There are a number of laminate flooring showrooms in Toronto, each home to a delightful array of options for renovation and interior design.
However, going to a showroom without a plan can leave you feeling overwhelmed by the options and might end up causing more indecision rather than less. Here are some ideas of what to think about before visiting a showroom to help narrow your search and let you increase the odds of finding exactly what you need.
Laminate is an extremely versatile material and can expertly mimic the appearance of rich ceramic, natural stone, and native or exotic hardwoods. This handy ability, combined with the flooring’s inherent durability, stain resistance, and low maintenance needs, makes the floors an awesome way to capture the beauty of other materials with much less fuss or upkeep. Take some time to consider the sort of visual design and surface texture you want your room to have. Even if you can’t decide on a specific look, narrowing your choices down to a category like stone or hardwood can still be a big help when visiting a Toronto laminate flooring showroom. This type of floor has two weaknesses: moisture infiltration and the fact that they can sometimes produce a hollow sound when stepped on. The underlayment solves both of these issues but the type of underlayer you need will depend on the environment your flooring is installed in and the thickness of the tile itself since thickness improves sound absorption. Using thicker tiles in rooms without much ambient moisture will work fine with a standard foam underlayment, but thinner tiles in rooms with higher ambient moisture (like a basement) might require a higher-grade approach.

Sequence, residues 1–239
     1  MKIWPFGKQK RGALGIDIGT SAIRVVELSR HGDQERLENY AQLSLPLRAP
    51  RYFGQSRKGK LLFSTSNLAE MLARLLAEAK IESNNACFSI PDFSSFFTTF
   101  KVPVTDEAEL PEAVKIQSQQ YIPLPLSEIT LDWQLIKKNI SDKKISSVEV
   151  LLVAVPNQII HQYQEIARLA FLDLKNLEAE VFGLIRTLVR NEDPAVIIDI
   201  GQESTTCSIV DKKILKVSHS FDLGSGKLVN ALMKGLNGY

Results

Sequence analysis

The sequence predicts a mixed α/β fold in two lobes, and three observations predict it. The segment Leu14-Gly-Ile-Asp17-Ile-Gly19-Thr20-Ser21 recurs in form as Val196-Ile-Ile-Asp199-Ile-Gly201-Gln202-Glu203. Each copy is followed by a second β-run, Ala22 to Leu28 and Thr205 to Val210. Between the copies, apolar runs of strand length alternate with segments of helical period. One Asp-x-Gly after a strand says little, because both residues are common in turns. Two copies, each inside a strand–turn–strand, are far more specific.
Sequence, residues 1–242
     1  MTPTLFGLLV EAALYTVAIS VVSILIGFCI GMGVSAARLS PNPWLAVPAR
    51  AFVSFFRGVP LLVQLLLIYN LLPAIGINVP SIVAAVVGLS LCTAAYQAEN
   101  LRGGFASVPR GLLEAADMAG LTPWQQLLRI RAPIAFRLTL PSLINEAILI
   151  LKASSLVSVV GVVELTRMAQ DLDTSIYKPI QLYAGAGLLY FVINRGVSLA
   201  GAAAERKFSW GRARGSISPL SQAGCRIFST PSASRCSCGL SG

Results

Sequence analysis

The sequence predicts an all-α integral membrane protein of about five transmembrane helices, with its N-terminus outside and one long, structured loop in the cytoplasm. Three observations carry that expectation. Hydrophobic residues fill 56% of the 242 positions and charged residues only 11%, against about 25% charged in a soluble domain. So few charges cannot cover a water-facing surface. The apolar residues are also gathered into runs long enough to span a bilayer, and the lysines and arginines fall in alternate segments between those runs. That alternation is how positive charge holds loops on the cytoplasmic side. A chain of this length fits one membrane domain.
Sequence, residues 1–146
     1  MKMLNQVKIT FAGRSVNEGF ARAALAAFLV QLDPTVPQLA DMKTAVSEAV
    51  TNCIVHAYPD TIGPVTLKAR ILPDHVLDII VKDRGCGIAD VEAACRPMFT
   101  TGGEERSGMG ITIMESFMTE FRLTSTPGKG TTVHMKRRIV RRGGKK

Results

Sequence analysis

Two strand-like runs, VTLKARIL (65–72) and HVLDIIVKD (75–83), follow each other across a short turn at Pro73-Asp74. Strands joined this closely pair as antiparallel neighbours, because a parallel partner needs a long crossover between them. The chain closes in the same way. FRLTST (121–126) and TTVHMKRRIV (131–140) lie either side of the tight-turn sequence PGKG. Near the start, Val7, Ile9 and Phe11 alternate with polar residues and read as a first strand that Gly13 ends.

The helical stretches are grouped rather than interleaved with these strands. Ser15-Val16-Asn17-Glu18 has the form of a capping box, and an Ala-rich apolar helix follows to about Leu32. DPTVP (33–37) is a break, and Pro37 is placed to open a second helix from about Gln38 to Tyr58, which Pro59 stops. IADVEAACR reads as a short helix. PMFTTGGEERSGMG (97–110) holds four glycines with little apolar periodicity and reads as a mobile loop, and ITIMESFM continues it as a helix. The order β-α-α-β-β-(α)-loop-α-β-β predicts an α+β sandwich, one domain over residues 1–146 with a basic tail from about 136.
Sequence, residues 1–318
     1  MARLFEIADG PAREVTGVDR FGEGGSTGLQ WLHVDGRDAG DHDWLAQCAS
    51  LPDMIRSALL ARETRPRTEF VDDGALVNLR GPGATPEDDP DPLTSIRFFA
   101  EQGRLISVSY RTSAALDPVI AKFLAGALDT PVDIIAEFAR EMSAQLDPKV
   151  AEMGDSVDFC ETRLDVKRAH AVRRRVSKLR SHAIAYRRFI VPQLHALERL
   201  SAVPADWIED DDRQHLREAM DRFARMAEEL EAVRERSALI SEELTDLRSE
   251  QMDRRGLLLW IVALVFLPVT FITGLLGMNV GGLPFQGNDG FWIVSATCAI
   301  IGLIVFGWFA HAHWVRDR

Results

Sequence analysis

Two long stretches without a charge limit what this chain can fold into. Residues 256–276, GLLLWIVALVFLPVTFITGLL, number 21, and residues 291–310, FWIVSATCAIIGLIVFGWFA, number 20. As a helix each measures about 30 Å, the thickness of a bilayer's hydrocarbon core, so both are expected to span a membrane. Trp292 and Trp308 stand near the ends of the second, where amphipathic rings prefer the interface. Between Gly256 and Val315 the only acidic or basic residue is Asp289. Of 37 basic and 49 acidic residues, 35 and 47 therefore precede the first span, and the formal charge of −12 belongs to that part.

The AC rating is one of the most useful durability metrics for these floors and any of Toronto’s laminate flooring showrooms will likely contain products that cover the full range of the scale
AC stands for “abrasion coefficient” and is independently measured through methods like rubbing sandpaper on the tile, dragging furniture back and forth, delivering impacts and stains, and more. AC ratings of 1-3 are considered suitable for home use while ratings of 4-6 are better for commercial properties. Think about what the room is used for, the sort of furniture it contains, average foot traffic, and other common stresses the floor might be exposed to in order to get a sense of which AC rating you should aim for.
There are a few handy rules of thumb that you can use when trying to develop or stay within a budget when buying flooring
The first is that cost will rise as thickness or AC rating increases, which makes identifying your durability needs extra important. You should also keep in mind that flooring projects will almost always produce some level of waste, so anticipate needing around 5-20% more tile than the actual square footage of the room in question. Pay attention to the unit that a candidate tile is sold in (usually boxes of 20 square feet, but this can vary) and look for the most efficient option.